Spatial Hologram M4 Follow Up Impressions

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Welcome Back!

The Spatial Hologram M4’s that I reviewed a couple of months ago now have well over 100 hours of play time on them, so the moment seemed right for some further reflections on how they’ve evolved.

The No Hype Zone

One reassuring aspect of the Spatial ownership experience has been a complete lack of marketing-speak or hyperbole on the part of the manufacturer. All the expectations that Clayton Shaw sets for the Holograms, whether in phone conversations, on the web site or in the Owner’s Manual, have proven in my experience to be either fully met or exceeded, and every bit of set-up advice in the Manual has been right on the money.

For example, the Owner’s Manual for the M4 suggests that during the initial, 24-hour warm-up period, “bass will fill out and deepen, treble will smooth out and soundstage open up.”  My experience has confirmed these instructions, although it seems to me that the break-in changes described in the manual are ongoing even after the first 100 hours. My M4’s continue to regularly surprise me with added nuance, spatial presentation and a more relaxed, musical sound. Here are a couple of examples of what I mean.

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“Dreaming Of Mercy Street”

Peter Gabriel’s So is full of wonderful, inventive music, and the production by the great Daniel Lanois is stunning, awash in exotic instrumental textures, both acoustic and electronic  (especially bass and percussion) as well as floating synth lines mixed so that the listener is enveloped in waves of sound from wall to wall.

I’ve listened to this album countless times, yet during a session last night, the M4’s revealed levels of beauty and complexity I’d never felt or heard before.

Take, for example, Mercy Street. Throughout the various verses of the song (e.g., “Looking out on empty streets / All she can see…”) Gabriel’s voice is doubled: one line in his natural range, and another line one octave lower. There is something in the way the Spatial’s render voices that makes these moments tug at one’s heart; the effect is both chillingly creepy and deeply sad, all at once, and it’s riveting. And when the harmonized voices sing “dreaming of Mercy Street” on each chorus, the rendering of the singers is deeply realistic. If I had to put this into words, I’d say that my reaction was “what beautiful, moving music” and not, “what great speakers.” When you get a window into the artist’s intent like that, it’s quite a thrill.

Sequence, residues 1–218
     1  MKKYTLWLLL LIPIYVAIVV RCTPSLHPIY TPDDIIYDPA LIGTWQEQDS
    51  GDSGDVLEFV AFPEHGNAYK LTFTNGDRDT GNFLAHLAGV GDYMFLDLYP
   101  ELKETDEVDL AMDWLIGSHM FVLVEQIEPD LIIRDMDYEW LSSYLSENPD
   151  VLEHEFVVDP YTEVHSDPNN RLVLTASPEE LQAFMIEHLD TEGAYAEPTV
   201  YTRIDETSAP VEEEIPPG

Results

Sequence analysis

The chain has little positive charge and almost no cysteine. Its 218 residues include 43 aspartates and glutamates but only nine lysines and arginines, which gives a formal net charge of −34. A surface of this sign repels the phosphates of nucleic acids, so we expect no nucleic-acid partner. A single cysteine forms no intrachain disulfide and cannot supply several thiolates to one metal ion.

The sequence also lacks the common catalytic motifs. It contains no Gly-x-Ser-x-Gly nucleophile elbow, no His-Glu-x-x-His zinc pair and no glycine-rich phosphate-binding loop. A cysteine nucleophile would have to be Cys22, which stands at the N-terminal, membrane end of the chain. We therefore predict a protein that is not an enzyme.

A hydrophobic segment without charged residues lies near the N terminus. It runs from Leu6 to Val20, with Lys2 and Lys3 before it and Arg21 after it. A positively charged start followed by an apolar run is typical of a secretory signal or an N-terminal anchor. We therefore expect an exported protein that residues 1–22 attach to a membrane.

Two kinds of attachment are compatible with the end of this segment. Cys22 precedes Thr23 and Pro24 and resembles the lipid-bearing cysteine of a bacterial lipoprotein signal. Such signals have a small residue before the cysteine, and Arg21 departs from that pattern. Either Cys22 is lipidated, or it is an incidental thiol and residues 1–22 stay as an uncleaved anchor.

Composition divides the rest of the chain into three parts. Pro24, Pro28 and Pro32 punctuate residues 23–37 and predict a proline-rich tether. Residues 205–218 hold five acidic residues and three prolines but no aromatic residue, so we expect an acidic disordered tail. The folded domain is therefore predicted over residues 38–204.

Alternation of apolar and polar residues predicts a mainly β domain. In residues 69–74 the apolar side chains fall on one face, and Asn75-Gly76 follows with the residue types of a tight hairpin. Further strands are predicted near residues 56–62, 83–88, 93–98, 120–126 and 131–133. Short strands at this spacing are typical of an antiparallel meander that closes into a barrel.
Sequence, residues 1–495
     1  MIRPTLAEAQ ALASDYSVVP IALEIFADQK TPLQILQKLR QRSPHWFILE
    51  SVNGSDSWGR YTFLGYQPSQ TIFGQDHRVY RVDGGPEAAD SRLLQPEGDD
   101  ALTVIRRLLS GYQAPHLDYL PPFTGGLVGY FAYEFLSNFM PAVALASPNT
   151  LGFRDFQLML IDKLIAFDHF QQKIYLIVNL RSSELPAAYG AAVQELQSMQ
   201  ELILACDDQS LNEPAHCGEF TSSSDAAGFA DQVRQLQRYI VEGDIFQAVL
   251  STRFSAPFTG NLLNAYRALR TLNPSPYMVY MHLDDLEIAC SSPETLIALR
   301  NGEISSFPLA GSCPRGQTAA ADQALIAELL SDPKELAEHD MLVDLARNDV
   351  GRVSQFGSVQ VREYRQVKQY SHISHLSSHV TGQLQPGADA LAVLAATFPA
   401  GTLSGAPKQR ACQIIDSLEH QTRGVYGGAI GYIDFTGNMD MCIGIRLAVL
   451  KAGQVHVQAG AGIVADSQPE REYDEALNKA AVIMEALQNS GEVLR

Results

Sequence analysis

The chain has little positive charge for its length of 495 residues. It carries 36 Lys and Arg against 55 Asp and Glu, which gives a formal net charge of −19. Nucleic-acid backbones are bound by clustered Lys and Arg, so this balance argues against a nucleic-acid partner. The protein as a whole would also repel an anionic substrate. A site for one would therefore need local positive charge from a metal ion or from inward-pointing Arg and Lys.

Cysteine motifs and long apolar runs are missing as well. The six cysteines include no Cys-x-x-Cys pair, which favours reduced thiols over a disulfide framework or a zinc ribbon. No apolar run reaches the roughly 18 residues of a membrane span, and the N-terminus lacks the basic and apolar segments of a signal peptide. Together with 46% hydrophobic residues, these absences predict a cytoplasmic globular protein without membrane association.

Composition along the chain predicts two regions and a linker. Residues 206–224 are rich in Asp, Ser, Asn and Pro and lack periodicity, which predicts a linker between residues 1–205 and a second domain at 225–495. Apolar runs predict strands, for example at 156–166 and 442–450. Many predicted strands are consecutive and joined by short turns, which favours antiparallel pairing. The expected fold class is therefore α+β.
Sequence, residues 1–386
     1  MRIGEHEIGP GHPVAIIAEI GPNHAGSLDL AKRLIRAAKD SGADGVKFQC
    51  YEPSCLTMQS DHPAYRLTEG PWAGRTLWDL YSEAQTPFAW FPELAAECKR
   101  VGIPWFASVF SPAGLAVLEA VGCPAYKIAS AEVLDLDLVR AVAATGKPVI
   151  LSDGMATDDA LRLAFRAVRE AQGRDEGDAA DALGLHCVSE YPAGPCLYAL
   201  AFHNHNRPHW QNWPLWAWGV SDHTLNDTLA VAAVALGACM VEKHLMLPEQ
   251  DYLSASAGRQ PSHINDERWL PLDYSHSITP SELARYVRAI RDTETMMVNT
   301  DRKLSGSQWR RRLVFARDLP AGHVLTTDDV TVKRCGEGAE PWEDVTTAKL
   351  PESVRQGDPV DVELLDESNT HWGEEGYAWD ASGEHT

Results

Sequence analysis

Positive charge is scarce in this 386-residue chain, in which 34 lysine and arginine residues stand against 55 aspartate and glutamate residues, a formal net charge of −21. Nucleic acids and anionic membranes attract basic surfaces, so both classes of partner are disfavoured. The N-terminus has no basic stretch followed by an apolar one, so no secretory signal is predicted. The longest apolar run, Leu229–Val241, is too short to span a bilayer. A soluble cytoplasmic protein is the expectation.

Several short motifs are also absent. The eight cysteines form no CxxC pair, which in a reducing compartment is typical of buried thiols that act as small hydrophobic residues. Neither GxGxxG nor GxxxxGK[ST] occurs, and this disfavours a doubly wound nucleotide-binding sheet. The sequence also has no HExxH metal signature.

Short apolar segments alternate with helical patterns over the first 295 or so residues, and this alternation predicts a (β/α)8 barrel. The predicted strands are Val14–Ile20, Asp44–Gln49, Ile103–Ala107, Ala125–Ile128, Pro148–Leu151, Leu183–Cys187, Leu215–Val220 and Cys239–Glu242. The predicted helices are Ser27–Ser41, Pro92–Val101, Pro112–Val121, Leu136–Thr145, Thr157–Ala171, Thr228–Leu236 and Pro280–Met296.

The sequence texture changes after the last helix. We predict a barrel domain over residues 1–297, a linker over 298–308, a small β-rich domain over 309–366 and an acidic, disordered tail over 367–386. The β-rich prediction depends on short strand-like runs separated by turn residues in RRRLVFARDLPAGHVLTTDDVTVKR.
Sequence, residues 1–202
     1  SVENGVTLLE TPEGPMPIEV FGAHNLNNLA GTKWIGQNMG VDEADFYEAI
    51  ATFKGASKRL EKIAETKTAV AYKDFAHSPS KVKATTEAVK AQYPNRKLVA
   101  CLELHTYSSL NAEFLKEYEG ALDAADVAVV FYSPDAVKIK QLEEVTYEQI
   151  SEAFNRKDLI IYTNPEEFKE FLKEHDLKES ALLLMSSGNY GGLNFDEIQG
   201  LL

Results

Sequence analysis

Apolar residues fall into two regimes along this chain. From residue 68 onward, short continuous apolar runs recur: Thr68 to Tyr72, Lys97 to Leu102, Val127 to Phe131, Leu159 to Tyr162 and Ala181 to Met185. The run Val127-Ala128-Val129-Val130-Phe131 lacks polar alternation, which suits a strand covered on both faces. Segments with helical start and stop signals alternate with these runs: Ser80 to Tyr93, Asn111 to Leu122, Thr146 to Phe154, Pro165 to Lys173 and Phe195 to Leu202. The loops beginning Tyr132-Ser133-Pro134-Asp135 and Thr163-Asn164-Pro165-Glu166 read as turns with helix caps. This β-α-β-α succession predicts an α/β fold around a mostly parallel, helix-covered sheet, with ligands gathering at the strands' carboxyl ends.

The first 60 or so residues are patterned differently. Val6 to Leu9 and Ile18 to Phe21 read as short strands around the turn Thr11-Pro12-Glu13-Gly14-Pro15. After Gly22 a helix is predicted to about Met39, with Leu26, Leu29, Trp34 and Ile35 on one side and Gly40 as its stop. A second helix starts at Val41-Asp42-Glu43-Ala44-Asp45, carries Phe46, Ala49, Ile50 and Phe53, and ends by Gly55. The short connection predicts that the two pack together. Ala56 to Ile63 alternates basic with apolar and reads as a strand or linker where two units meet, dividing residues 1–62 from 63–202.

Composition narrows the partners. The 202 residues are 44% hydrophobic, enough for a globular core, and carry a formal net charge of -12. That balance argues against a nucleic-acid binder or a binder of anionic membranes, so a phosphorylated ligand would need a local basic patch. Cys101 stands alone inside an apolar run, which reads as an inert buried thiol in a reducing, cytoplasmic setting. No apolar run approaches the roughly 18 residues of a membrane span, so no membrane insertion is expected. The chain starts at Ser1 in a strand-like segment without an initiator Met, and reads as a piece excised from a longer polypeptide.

Then there’s We Do What We’re Told. Prominent in the opening bars is a highly processed percussion line combining several distinct timbres, floating above the tops of the M4’s in mid space. There is an almost “wet” quality to the initial attack of one of these percussive textures that the M4’s absolutely nail, along with the impact of the processed (sampled keyboard?) “ahhhhh” background vocals that come and go as the measures pass by. Listening to this song on the Spatial’s is a thrill ride…

Lest I try your patience here, I’ll share just one other example.

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“I Could Aim, But I Could Not Fire…”

The opening bars of Sade’s War Of The Hearts (from their Promise” LP) begin with the pitter patter of a drum machine rendered dead center in the sound stage, followed immediately by a lush, bluesy alto sax solo. The sax floats on a cushion of organ chords panned W-I-D-E to the left and right. If a speaker can do the “disappearing act,” the effect of suddenly moving from the little clickety-clack of the drum machine to the enormity of the sax/organ entry (and that breathy, sensual saxophone sound) will make you grin with delight – it’s gorgeous, and you feel a sense of gratitude to the artists who conceived this music. That’s another moment when you know how good the M4’s truly are.

Adjustments

The M4 Owner’s Manual recommends that you revisit the positioning of the speakers after a few weeks to do some final tweaking. I’d never taken this step – the M4’s were still right where they’d been since the initial 24-hour warm up period. But I had a niggling feeling that some adjustment was in order. The speakers didn’t seem to be “disappearing” quite as well as they used to. As much as I felt the urge to leave well enough alone, one night last week I finally got up the courage to mess with placement a bit.